guide m (definite singular guiden, indefinite plural guidar, definite plural guidane)

  1. a guide (person who guides tourists)
  2. a guide (handbook, e.g. for tourists)

Alternative forms

  • gaid

Verb

guide (present tense guidar, past tense guida, past participle guida, passive infinitive guidast, present participle guidande, imperative guid)

  1. to guide (usually tourists)

Alternative forms

  • gaide, guida

References

  • “guide” in The Nynorsk Dictionary.

Old French

Noun

guide m or f

  1. a guide (person who guides)

Descendants

  • French: guide
    • Danish: guide
    • Romanian: ghid
    • Russian: гид (gid)
  • Norman: dgide (Jersey)
  • Middle English: giden, gide
    • Scots: guide
    • English: guide
      • Korean: 가이드 (gaideu)
      • Japanese: ガイド (gaido)
      • Norwegian: guide
      • Swedish: guide

Old Irish

Etymology

From Proto-Celtic *gʷodyā, from Proto-Indo-European *gʷʰodʰ-yeh₂.

Pronunciation

  • IPA(key): [ˈɡuðʲe]

Noun

guide f (genitive guide, nominative plural guidi)

  1. verbal noun of guidid
  2. prayer
    • c. 808, Félire Oengusso, published in Félire Óengusso Céli Dé: The Martyrology of Oengus the Culdee (1905, Harrison & Sons), edited and with translations by Whitley Stokes, Epilogue, line 421

Declension

Descendants

  • Irish: guí
  • Manx: gwee (curse, imprecation)
  • Scottish Gaelic: guidhe

Mutation


Swedish

Pronunciation

Noun

guide c

  1. guide (person who guides)
    Synonym: vägledare
  2. (computing) wizard (program or script used to simplify complex operations)
    Synonym: assistent

Declension


English

Etymology

From Middle English ussher, uscher, usscher, from Anglo-Norman usser and Old French ussier, uissier (porter, doorman) (compare French huissier), from Vulgar Latin *ustiārius (doorkeeper), from Latin ōstiārius, from ōstium (door). Akin to ōs (mouth). Probably a doublet of ostiary and huissier.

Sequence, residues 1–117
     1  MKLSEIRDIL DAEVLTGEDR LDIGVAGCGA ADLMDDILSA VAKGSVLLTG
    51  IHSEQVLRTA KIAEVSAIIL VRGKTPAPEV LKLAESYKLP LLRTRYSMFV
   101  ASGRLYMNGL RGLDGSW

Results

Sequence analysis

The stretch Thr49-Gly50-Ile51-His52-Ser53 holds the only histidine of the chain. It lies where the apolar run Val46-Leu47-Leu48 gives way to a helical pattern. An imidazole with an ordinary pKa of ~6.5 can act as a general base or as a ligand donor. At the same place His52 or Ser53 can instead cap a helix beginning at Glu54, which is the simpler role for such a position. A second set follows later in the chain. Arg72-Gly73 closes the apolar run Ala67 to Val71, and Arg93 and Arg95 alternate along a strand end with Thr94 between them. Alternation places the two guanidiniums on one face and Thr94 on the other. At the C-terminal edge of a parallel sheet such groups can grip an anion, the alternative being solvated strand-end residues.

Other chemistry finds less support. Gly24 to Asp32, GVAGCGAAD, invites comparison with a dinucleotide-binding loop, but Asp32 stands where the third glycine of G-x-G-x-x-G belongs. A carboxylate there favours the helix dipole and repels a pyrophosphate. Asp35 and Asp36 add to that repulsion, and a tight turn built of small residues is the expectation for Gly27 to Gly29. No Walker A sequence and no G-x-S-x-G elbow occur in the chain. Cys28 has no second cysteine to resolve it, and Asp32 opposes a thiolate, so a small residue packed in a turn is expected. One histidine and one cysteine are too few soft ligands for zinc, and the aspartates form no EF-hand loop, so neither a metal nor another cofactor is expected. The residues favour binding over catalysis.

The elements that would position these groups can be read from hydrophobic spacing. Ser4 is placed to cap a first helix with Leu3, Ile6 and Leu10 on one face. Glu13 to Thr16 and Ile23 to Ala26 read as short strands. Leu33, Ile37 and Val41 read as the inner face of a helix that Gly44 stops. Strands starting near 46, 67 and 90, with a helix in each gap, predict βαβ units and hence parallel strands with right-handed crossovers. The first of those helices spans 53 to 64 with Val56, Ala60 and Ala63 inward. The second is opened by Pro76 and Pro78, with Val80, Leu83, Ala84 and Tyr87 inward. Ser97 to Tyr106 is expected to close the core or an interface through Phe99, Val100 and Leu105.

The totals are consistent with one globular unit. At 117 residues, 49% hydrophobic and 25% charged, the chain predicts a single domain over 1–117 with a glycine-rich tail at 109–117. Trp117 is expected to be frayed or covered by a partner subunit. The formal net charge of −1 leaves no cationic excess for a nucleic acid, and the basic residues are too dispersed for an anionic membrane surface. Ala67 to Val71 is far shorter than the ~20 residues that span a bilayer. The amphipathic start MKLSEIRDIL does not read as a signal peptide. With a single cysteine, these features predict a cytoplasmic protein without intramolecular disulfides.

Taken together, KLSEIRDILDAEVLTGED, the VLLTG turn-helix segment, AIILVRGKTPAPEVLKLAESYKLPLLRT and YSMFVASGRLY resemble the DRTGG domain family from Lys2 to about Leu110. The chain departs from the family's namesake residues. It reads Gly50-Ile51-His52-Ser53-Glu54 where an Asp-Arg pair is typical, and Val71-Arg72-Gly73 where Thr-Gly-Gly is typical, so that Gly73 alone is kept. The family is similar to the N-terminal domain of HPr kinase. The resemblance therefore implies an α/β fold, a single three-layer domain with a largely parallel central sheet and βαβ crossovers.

Pronunciation

  • enPR: ŭshʹ-ər, IPA(key): /ˈʌʃəɹ/
  • (General Australian) IPA(key): [ˈaʃ.ə(ɹ)]
  • (UK) IPA(key): [ˈʌʃ.ə(ɹ)]
  • (US) IPA(key): [ˈʌʃ.ɚ]
  • Rhymes: -ʌʃə(ɹ)
  • Hyphenation: ush‧er

Noun

usher (plural ushers)

  1. A person, in a church, cinema etc., who escorts people to their seats.
  2. A male escort at a wedding.
  3. A doorkeeper in a courtroom.
  4. (obsolete) An assistant to a head teacher or schoolteacher; an assistant teacher.
    • 1751, Tobias Smollett, The Adventures of Peregrine Pickle, I.12:
      [H]e defrayed the expence of his entrance, and left him in the particular care and inspection of the usher, who [] though obliged by the scandalous administration of fortune to act in the character of an inferior teacher, had by his sole capacity and application, brought the school to that degree of reputation which it never could have obtained from the talents of his superior.
    • 1791, James Boswell, Life of Johnson, Oxford 2008, p. 33:
      He began to learn Latin with Mr. Hawkins, usher, or under-master of Lichfield school, ‘a man (said he) very skilful in his little way.’
  5. (dated, derogatory) Any schoolteacher.

Synonyms

  • (male attendant at a wedding): groomsman, bridesman

Derived terms

  • usherette
  • usheress

Translations

Verb

usher (third-person singular simple present ushers, present participle ushering, simple past and past participle ushered)

  1. To guide people to their seats.
    • 1836, Charles Dickens, Sketches by Boz, “The curate. The old lady. The half-pay captain.”
      Her entrance into church on Sunday is always the signal for a little bustle in the side aisle, occasioned by a general rise among the poor people, who bow and curtsey until the pew-opener has ushered the old lady into her accustomed seat, dropped a respectful curtsey, and shut the door;
  2. To accompany or escort (someone).
    • 1898, John Lothrop Motley, The Rise of the Dutch Republic, page 509
      Margaret was astonished at the magnificence of the apartments into which she was ushered.
  3. (figuratively) To precede; to act as a forerunner or herald.
    • 1912, Elizabeth Christine Cook, Literary Influences in Colonial Newspapers, 1704-1750, page 31
      Thus the Harvard poets and wits ushered The New England Courant out of existence.
  4. (figuratively, transitive) to lead or guide somewhere

Derived terms

  • usher in

Translations

Anagrams

  • Huser, Rhues, Ruhes, Uhers, erhus, huers, shure